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Paul Klee on Modern Art (Faber Paper Covered Editions) Paperback – January 1, 1966


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Product Details

  • Series: Faber Paper Covered Editions
  • Paperback: 164 pages
  • Publisher: Faber & Faber; Reprint edition (January 1, 1966)
  • Language: English
  • ISBN-10: 0571066828
  • ISBN-13: 978-0571066827
  • Product Dimensions: 7.5 x 7.3 x 0.2 inches
  • Shipping Weight: 3.7 ounces
  • Average Customer Review: 4.7 out of 5 stars  See all reviews (3 customer reviews)
  • Amazon Best Sellers Rank: #471,478 in Books (See Top 100 in Books)

Editorial Reviews

Review

"The creative process, as Klee knew it, has seldom been so acutely analysed and so exactly, yet so quietly, explained." -- Listener

Language Notes

Text: English, German (translation)

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Most Helpful Customer Reviews

34 of 36 people found the following review helpful By A Customer on August 8, 1998
Format: Paperback
This slim volume is the text of a lecture Klee delivered in 1924 on the occasion of the opening of a museum exhibit of modern art. It is both an educational lecture on color and form and an explanation of modern art that largely escapes being a defense. Klee's discourse is not simply an historical piece. It is as valid today as it was when he delivered it seventy-two years ago. Klee was Kandinsky's neighbor during the years they both taught at the Bauhaus. They shared more than the basement that connected their duplex apartments; they shared a belief in art as a spiritual pursuit.
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14 of 14 people found the following review helpful By A Customer on May 21, 2004
Format: Paperback
Just a quick note on the number of pages. It only contains 56 pages of text amd images, not the over 150 pages as provided in the item description.
As for the content 5 out of 5.
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Format: Paperback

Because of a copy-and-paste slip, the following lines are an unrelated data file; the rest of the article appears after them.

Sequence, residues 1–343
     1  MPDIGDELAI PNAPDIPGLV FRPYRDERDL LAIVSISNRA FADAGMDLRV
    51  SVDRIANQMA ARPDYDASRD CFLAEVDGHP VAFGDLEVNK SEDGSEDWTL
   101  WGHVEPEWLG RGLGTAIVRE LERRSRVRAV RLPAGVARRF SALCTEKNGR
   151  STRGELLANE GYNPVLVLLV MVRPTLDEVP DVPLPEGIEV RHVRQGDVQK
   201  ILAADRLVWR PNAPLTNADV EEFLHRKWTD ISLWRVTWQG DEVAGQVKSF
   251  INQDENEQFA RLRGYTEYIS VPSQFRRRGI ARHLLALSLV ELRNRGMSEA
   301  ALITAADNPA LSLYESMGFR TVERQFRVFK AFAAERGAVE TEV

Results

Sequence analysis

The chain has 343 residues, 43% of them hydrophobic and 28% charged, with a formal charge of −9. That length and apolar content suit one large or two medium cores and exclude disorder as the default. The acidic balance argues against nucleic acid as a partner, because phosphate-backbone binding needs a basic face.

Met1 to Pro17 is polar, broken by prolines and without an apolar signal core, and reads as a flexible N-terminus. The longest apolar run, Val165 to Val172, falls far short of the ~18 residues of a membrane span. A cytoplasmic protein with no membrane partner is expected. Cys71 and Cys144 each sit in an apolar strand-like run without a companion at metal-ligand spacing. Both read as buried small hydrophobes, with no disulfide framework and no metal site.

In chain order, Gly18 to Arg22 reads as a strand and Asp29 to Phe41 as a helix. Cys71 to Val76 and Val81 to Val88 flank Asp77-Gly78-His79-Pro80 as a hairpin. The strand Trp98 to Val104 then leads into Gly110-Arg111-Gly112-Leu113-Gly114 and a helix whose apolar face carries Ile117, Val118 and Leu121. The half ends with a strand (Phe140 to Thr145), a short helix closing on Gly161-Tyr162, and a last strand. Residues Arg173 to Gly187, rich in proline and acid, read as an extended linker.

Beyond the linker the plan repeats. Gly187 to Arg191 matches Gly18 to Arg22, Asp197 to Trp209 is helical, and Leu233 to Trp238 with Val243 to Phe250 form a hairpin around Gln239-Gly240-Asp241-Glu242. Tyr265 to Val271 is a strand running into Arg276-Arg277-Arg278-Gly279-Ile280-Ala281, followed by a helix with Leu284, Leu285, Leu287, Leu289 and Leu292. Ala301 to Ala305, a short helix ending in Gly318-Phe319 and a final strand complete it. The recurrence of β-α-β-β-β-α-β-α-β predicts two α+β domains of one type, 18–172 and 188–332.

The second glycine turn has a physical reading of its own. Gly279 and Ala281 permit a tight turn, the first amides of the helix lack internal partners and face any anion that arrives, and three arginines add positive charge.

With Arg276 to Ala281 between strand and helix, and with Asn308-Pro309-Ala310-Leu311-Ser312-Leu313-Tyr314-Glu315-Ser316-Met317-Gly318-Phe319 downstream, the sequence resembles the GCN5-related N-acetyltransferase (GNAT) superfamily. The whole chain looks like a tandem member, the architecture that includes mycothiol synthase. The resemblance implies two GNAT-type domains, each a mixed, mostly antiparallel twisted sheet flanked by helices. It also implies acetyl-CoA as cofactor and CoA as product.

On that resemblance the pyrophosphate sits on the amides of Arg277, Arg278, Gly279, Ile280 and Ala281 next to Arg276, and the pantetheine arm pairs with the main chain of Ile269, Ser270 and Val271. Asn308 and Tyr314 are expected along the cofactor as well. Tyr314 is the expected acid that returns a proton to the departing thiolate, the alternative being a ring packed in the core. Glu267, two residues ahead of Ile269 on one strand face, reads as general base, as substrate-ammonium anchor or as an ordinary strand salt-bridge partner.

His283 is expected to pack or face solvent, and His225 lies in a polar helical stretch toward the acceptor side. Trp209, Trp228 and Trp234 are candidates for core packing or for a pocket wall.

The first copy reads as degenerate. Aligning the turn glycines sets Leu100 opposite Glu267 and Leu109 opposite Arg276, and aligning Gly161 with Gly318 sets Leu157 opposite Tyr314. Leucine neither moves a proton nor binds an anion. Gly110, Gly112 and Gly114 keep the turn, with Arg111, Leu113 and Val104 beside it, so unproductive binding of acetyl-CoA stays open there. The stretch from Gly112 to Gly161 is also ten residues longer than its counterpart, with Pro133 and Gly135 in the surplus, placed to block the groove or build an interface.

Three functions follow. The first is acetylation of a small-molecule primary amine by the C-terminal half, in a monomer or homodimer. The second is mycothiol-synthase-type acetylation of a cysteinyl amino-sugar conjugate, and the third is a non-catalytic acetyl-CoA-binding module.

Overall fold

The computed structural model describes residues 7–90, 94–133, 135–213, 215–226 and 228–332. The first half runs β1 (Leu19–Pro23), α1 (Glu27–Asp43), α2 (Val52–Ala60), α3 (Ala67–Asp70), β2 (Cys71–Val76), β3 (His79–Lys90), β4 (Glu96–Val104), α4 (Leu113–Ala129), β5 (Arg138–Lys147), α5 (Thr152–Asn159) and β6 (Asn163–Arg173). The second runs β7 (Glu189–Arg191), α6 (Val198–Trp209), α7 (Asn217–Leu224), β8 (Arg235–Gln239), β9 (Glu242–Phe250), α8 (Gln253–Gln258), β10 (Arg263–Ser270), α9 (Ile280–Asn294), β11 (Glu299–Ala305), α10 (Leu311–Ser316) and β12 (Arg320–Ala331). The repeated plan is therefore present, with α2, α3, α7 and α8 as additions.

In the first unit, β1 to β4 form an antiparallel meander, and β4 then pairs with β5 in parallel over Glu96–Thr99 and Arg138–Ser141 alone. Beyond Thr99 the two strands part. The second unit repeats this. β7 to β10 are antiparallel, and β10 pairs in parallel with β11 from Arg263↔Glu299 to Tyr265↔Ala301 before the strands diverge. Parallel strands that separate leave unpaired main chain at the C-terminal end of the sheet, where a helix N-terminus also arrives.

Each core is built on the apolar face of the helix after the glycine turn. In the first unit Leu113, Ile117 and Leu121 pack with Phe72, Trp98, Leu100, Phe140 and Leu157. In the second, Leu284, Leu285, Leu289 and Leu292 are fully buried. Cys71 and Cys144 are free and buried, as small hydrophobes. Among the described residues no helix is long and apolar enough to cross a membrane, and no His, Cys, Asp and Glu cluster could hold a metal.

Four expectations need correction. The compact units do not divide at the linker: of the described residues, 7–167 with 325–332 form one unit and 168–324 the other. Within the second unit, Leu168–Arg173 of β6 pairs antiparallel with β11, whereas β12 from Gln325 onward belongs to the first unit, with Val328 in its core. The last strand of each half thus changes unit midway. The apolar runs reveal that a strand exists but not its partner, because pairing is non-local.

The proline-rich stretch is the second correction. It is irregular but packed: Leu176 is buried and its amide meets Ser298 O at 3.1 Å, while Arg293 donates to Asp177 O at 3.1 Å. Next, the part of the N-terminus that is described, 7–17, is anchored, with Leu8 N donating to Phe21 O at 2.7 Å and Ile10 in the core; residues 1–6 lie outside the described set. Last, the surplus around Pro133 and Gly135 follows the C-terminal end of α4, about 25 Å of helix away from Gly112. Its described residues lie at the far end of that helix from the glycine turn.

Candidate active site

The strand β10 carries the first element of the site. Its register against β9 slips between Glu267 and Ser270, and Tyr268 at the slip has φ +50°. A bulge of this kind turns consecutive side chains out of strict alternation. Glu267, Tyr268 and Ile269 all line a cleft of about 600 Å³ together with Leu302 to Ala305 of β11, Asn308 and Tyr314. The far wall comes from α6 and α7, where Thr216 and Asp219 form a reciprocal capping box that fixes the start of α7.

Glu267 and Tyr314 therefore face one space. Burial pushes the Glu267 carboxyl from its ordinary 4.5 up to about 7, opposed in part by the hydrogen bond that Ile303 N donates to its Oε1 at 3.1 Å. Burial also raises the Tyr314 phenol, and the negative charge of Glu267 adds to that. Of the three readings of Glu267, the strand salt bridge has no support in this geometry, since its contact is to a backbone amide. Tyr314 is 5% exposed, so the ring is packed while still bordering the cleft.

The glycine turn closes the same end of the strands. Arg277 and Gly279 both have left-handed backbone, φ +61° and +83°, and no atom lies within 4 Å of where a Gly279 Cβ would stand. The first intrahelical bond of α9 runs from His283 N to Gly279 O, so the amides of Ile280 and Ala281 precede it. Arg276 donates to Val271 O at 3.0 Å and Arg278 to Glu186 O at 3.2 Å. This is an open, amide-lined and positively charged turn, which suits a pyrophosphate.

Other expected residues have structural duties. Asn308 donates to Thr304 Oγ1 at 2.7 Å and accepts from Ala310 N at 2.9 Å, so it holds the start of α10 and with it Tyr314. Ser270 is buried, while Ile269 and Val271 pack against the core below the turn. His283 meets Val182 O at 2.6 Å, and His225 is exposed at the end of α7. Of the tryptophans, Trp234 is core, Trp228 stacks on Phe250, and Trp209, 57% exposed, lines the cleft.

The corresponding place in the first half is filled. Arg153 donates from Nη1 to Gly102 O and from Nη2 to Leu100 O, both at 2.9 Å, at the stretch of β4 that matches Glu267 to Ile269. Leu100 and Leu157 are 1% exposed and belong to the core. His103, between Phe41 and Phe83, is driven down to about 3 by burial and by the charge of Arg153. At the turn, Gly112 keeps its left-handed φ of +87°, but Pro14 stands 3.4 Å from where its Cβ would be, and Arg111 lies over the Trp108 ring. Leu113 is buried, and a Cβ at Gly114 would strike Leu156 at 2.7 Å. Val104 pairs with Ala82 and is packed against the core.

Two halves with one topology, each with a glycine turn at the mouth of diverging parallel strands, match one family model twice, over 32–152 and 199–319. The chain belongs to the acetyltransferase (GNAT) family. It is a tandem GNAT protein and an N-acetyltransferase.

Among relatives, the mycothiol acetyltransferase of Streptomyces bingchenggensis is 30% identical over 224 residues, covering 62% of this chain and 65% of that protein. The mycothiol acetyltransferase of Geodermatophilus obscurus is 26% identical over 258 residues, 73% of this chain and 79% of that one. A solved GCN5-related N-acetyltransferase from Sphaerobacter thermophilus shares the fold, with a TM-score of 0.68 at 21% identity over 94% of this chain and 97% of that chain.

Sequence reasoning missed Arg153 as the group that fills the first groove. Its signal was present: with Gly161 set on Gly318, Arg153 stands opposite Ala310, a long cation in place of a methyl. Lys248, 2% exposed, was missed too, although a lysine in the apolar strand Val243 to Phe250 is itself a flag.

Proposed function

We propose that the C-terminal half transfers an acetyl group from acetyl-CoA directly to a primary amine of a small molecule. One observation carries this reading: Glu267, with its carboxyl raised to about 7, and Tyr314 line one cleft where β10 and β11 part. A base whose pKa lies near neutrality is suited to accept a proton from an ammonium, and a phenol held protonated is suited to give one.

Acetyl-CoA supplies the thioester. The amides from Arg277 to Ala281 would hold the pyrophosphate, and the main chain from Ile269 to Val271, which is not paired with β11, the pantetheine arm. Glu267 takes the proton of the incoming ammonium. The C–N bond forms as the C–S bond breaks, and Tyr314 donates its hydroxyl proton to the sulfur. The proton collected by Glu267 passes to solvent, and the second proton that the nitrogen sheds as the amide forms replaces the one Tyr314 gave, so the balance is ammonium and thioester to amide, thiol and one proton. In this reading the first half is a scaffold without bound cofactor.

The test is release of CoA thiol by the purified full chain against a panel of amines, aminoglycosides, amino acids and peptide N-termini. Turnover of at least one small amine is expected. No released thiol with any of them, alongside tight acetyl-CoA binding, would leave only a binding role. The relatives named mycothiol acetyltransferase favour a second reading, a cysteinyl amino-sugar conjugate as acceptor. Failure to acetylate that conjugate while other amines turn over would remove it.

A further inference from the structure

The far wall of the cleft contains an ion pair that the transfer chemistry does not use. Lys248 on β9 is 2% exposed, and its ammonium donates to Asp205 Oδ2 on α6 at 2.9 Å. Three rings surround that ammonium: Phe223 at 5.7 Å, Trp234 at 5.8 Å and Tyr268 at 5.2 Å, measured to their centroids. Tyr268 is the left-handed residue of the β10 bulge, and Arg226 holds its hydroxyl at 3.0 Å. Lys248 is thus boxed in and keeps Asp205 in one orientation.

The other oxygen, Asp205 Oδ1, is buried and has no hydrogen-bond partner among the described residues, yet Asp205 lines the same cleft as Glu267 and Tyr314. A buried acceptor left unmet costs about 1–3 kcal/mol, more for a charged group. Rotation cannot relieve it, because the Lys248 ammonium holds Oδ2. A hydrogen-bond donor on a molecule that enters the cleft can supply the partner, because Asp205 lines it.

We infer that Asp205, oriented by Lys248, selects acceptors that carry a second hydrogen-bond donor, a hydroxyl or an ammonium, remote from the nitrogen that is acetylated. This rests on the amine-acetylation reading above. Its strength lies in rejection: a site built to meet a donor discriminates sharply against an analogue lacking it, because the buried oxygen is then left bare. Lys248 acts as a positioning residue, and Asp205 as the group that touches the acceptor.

Herbert Read in his Introduction to this work says that it constitutes " the most profound and illuminating statement of the aesthetic basis of the modern movement in art ever made by a practicing artist" I do not have the professional knowledge or aesthetic training to quarrel with Read. I can only give my personal impression of Klee's treatise which was given at the opening of an exhibition in Jena in 1924. I understand that Klee is in the Treatise arguing against the view that the criterion for judging the work of the artist is its being an accurate copy of nature. Klee puts the emphasis on the organic shaping power of the creative process , and gives examples of how this works. The text contains sketches by Klee illustrative of the process. My suspicion is that this focus on the 'organic ' the growing and developing element is what makes Klee so congenial to Herbert Read whose Theory of Art focuses on this concept.

However I personally could not really understand the process as Klee describes it in this work. Read says the book is cryptic and aphoristic. I did not find it aphoristic but I did find it cryptic and more.

Perhaps here however it is wiser to "Trust the Artist and not the Reader" as my own understanding in these matters is limited.

One point. The work is very short, the illustrations 'pleasant' if not perhaps as profound as Klee maintains them to be.

Other readers truly have to judge for themselves.
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